Before you make any decision, especially a major one with cost implications, you should know how your business will be affected. Below are seven questions to ask before making a bid/no-bid decision.
Question 1: Are you the incumbent provider of the product or service requested in the RFP?
If you are, you should know what to say in the RFP and how to say it to keep the business.
Question 2: (If you’re not the incumbent) Is the customer happy with the incumbent’s performance?
Determine if the customer is happy with the incumbent’s performance. This information will help you better understand your competition, and what the customer is looking for that you can provide at a higher level.
Question 3: Do you have a strong relationship with the customer?
Have you done other business with this client? Are there particular champions within the organization who know you and your company? Are there people that could influence a closer look at you and your company and the services you provide? Relationships are essential in this business and cultivating them is extremely vital.
Question 4: Does this RFP play into your strengths?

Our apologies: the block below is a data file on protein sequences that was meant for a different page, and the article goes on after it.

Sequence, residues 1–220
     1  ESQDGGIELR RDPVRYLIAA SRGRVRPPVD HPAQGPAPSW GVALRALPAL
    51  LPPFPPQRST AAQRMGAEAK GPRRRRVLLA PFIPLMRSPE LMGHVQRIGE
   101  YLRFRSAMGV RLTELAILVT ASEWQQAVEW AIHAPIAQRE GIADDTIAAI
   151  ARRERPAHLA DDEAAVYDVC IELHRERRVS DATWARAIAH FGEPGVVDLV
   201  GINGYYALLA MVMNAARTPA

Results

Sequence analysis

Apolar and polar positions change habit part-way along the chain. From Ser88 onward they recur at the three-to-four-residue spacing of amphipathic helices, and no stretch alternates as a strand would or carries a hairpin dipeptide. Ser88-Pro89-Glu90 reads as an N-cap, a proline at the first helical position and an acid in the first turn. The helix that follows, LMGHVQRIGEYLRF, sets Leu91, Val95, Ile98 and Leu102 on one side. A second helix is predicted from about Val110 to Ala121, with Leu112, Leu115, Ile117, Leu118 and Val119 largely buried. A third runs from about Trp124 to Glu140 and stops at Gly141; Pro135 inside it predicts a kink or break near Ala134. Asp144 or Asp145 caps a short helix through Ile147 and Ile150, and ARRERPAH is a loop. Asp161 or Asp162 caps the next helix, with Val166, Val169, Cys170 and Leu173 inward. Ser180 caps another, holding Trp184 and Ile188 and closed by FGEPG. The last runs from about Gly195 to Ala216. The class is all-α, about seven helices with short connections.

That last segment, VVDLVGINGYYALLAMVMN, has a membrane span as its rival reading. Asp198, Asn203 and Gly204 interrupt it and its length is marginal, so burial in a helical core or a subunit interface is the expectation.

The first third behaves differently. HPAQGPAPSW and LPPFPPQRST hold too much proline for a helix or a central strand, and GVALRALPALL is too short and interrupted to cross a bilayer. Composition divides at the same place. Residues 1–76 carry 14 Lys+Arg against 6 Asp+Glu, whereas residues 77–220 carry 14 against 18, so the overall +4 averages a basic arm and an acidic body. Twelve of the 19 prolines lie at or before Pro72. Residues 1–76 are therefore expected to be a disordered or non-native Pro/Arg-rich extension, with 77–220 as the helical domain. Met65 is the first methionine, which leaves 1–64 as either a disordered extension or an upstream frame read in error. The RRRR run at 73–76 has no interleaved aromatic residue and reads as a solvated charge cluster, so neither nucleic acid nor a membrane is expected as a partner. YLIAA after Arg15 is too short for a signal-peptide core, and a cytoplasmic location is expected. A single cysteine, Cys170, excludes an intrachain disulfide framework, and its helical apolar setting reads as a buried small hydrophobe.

It’s important to recognize whether or not the RFP aligns with your expertise. If you pretend that you are an expert and ultimately end up incapable of meeting the expectations, not only will you lose your client but your reputation will be affected.
Question 5: Is the RFP slanted toward a competitor?
If the RFP seems to favor the skills, services, and value propositions of one of your competitors, it may very well be a negotiation tactic and a waste of your time and resources.
Question 6: How much time and money will be required to respond to this proposal?
First, quantify whether it will be worth your time, resources, and money to respond to the proposal. Estimate the hours your staff will spend on responding and take into account the total dollars that will be required to make it happen.
Question 7: Would winning this contract further your firm’s goals?
Make a list of both your long and short-term goals. Then decide if this contract has the potential to lead your company closer to accomplishing those goals.
Using this questionnaire in your RFP decision-making processes will give you a clear understanding of whether you should or should not submit a bid on the next RFP you receive.
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